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The Scotsman: Troubled Shell ousts exploration unit's finance chief




Fri 9 Apr 2004


FURTHER senior level upheaval at troubled oil major Shell was announced yesterday, with the ousting of Frank Coopman as chief financial officer of the group’s exploration and production unit.


The division has been at the heart of a controversy about over-estimated oil reserves that has already claimed the scalps of the former executive chairman of Shell, Sir Philip Watts, and the head of exploration and production, Walter van de Vijver.


The British-Dutch group said yesterday that Coopman will be replaced by Simon Henry, 42, currently head of Shell’s investor relations.


It is unclear whether Coopman will be reassigned to a new position within the oil group or leave with a payoff.


A spokesman declined to comment on the reasons for the proposed reassignment of Coopman.


But disclosures this year about Shell’s flawed accounting of reserves in its exploration and production division have prompted investigations of the company by the Securities and Exchange Commission in the US, the Financial Services Authority in the UK, and their Dutch counterpart. A company statement yesterday said: "Frank has been offered a key alternative position in Shell which he chose not to accept.


"We will continue to work towards a mutually acceptable alternative."


Coopman, the chief financial officer for the exploration and production unit since 2002, could not be reached for comment. A Shell spokesman would not comment on Coopman’s remuneration or contractual details "because he is not a board member".


As the top financial executive for Shell’s E&P upstream business, Coopman reported to van de Vijver until his boss’s departure.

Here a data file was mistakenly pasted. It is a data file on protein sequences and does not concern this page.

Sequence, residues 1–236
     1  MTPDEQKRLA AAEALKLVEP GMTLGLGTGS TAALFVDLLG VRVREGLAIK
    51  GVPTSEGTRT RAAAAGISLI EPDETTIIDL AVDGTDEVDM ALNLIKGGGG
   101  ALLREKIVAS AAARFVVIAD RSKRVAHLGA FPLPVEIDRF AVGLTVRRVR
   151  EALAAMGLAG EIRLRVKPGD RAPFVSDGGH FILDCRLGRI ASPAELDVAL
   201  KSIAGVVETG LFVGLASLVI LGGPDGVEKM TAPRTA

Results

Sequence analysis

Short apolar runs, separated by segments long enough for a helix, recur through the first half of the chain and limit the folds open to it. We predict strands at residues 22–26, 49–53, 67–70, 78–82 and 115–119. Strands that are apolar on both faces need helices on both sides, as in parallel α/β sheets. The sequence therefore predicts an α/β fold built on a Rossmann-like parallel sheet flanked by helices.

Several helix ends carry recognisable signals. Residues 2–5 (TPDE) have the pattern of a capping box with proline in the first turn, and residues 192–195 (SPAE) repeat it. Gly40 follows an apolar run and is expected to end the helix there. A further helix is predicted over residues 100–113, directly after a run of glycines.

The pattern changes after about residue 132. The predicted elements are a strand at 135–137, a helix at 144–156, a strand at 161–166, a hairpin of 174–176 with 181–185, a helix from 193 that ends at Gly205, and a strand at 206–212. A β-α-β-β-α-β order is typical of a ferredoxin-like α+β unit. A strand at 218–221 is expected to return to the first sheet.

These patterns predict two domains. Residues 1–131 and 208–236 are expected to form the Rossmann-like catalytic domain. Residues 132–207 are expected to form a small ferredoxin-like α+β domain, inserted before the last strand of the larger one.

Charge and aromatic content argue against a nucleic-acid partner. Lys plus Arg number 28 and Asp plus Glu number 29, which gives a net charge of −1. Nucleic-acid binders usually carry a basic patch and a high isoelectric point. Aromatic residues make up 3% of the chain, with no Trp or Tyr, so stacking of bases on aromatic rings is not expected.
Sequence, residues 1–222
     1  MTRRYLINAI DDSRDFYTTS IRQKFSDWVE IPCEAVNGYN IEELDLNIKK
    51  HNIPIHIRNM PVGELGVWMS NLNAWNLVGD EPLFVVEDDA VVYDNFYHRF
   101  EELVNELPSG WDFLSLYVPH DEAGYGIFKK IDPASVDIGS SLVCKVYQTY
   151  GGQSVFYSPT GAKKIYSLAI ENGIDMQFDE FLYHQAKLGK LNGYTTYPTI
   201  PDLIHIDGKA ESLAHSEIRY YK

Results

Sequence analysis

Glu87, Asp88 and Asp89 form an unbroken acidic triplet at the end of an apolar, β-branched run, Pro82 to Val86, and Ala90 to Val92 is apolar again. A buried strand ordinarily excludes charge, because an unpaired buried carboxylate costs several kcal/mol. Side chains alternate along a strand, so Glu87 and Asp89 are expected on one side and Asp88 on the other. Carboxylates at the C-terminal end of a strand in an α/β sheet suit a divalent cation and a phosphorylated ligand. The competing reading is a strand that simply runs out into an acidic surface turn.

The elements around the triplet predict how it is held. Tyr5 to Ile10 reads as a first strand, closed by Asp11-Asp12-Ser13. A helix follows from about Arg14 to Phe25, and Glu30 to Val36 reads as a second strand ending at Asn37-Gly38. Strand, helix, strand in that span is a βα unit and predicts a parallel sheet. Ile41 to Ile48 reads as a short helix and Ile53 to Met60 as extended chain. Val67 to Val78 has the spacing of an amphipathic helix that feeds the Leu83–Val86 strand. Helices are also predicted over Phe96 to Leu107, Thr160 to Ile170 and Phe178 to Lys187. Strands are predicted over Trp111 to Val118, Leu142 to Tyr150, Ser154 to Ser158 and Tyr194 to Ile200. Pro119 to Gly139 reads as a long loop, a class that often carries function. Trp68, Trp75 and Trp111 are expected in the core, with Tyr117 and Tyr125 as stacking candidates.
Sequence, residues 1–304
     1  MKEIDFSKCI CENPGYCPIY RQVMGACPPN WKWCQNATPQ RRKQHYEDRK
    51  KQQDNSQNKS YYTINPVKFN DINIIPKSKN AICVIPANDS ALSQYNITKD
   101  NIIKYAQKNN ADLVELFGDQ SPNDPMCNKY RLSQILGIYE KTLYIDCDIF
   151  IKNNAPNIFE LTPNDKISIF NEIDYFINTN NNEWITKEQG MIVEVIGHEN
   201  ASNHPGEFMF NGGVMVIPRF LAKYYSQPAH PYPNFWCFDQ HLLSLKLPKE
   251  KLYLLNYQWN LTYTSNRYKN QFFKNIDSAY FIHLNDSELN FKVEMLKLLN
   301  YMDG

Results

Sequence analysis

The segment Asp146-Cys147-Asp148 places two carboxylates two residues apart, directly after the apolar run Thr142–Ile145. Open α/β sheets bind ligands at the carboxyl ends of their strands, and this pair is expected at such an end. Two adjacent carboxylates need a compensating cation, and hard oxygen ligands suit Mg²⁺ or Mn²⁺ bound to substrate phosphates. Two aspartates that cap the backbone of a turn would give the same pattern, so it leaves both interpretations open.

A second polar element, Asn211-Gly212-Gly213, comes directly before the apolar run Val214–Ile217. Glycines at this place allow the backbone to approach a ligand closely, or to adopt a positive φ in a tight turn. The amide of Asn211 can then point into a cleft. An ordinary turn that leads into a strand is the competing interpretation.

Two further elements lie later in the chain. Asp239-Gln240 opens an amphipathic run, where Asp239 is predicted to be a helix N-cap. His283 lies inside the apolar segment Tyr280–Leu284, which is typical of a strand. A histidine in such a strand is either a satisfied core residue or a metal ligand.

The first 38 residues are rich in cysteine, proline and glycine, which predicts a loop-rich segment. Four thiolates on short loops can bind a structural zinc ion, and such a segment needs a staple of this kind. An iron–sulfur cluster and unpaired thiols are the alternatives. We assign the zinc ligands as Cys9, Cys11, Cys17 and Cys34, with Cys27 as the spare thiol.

Shell admitted in January that an internal audit had discovered that it had overstated its reserves, primarily in Nigeria and Australia, by 20 per cent - sending its shares on the stock market spiralling down.


The company issued another reserves cut in March which, while not as radical as the first, again undermined investor confidence.


Ironically, Shell has also been criticised by shareholders over its handling of investor relations, Henry’s previous domain.


Shell said yesterday that it would fill the investor relations position as soon as possible.


The company has appointed an audit committee with outside counsel to conduct an internal review into the circumstances of the reserves downgrade that severely shocked the stock market.


Proven reserves are taken as a good barometer of an oil company’s medium- to long-term profitability.


Shell has said the review will be completed in the next few weeks and will be turned over to the SEC, while the review’s main findings will be made public.


Shell’s shares closed 2.25p ahead at 369.5p. They have lost 8 per cent in value since the start of 2004.



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